By Nanea Reeves of textPlus

Being called an underdog, dark horse or a long shot doesn’t faze me anymore. After working in startups for 15 years, I’ve heard it all, and I’ve grown accustomed to people broadly categorizing startups as the “little guy” going up against the “big dogs” – tech behemoths that have long ruled the space. But unlike some, I don’t see it as a disadvantage to be lean and mean.

This is not to say that slaying the big corp beast is an easy feat. Startups have their share of set-backs and challenges. It is widely known that 90 percent of startups will fail during their first four to five years. There is pressure on a startup team simply to survive, but that pressure can serve as fuel for a competent team with a well-timed service. Unlike tech titans, with their thousands of employees, internal politics and obligations to shareholders, a good startup is built for speed, growth and innovation, giving them a leg-up when it comes to being flexible, taking risks and challenging the status quo.

startups, tech, small companies, nanea reeves, textplus, big companies, tech industry

Nanea Reeves
(Photo courtesy of Nanea Reeves)


Attracting The Best & Brightest

Startups are the “cool kids” in the job market. Known for cultural quirks, flex-time perks, flat organizational structures and unbridled potential, startups are able to attract the best and brightest in the business by offering ways to build them up and watch them grow. My career is an example of this. Early on, I was fortunate enough to work very closely with visionary entrepreneurs who gave me opportunities I wouldn’t otherwise have had in larger, more matrixed organizations. At textPlus, I’ve seen a former barista transform from serving coffee to working as a data admin, and now, working as one of our rockstar team leads. Can you imagine a tech giant taking a chance on her? Doubt it.

Nothing motivates and retains talent more than true camaraderie and the ability to have personal ownership on impactful initiatives. Studies have shown that intellectual stimulation and the ability to influence decisions will contribute more to employee satisfaction than money.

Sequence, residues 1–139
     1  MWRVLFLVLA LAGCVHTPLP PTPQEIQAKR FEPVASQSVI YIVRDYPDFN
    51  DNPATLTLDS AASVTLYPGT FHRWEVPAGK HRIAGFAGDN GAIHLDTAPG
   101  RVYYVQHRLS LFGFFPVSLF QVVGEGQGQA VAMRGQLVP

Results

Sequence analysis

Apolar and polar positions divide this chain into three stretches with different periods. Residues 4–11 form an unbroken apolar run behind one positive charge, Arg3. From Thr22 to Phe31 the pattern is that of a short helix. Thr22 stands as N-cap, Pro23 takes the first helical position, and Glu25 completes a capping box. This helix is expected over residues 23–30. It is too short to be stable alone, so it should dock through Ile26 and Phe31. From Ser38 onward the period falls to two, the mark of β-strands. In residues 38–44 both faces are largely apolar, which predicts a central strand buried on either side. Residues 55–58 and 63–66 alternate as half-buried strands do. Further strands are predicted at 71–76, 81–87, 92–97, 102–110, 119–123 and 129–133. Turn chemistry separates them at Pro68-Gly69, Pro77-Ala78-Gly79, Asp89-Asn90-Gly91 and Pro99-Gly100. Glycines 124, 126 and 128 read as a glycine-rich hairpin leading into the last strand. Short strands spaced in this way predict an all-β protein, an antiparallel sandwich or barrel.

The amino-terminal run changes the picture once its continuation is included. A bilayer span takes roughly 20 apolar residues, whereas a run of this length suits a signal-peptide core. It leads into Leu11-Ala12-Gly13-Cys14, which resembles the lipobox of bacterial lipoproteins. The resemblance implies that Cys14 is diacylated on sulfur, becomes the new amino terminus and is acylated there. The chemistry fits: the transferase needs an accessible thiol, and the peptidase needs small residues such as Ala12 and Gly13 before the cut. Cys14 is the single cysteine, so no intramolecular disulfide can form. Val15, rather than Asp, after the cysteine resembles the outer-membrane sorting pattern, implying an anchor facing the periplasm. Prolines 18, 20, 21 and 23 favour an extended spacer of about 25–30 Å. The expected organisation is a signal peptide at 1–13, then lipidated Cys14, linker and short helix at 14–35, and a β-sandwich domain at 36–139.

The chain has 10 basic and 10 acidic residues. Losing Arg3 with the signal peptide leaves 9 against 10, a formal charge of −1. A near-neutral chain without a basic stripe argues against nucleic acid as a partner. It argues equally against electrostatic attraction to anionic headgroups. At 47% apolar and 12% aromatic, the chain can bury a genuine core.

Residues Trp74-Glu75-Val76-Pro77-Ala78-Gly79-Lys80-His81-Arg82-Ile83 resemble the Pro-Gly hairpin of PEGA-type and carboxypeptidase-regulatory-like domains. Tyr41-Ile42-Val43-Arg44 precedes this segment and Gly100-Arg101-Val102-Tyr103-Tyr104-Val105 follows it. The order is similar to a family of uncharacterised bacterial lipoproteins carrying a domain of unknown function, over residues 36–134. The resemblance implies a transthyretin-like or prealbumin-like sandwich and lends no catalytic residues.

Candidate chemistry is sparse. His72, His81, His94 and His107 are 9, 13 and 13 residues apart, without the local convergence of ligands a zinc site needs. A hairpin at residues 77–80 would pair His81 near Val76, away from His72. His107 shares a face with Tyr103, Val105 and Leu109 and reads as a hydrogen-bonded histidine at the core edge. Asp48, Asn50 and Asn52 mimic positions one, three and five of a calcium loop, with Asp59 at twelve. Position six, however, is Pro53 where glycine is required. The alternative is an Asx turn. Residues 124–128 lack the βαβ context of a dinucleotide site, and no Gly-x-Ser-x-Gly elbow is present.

The Tortoise And The Hare

Startups are built for agility. Slow and steady does not win the race in tech innovation. The more nimble, the better, and startups own speedy progress and execution.

Innovation is the cornerstone of a startup. Unlike tech giants that are forced to hem and haw over a launch or new idea because of risks, politics or shareholders’ interests, startups are built to deploy more quickly and make game-time decisions based on up-to-the-minute data. There’s a reason the “screw it, ship it” ideology was born out of bootstrapped tech startups. In startup land, if it isn’t working, we have the independence and power to make changes or abandon it altogether.


Fortune Favors The Bold

The independent startup culture is one that’s highly sought-out, in part because it’s designed to drive innovation. In more established organizations, bureaucracy and regulations can hinder creative inventions, especially if a new idea disrupts or threatens the core business.

In contrast, at small businesses, the goal is to take risks, be bold and challenge the incumbent. Netflix is the perfect example of driving the cord-cutting revolution.

In my past experience at JAMDAT Mobile, we were on the bleeding edge of mobile game development, creating daily, and taking risks bigger video game companies would never have been comfortable doing. Now, at textPlus, we are at it again – taking on the big guns in telecom. While we may not be able to compete in terms of TV ads or the number of cell towers with our name on it, we can do something no other carrier has dared to do: offer free calling and texting through Wi-Fi access only. As a result, 80 percent of our audience does not have a contract with an operator. We’ve been able to completely overhaul the telco pricing paradigm by leveraging our social and gaming backgrounds to monetize our service differently. Along the way, we’ve also set out to make communications social and fun.


Working at a startup isn’t always a walk in the park. There’s tremendous risk, hard work and long hours. But what keeps our team and me going is the versatility, freedom and belief that we can deliver something of real value to people and have fun while we are doing it.


Nanea Reeves is President and COO of textPlus. She has over 15 years of experience in the online service and digital distribution arena and has been directly involved in many successful Los Angeles startups that include JAMDAT Mobile (acquired by EA), Gaikai (acquired by Sony) and Machinima (top YouTube gaming network). In 2010 Nanea was recognized by Digital Media Wire as one of the “25 Executives to Watch in Digital Media.”

The views, opinions and positions expressed within this guest post are those of the authors alone and do not represent those of CBS Small Business Pulse or the CBS Corporation. The accuracy, completeness and validity of any statements made within this article are verified solely by the authors.




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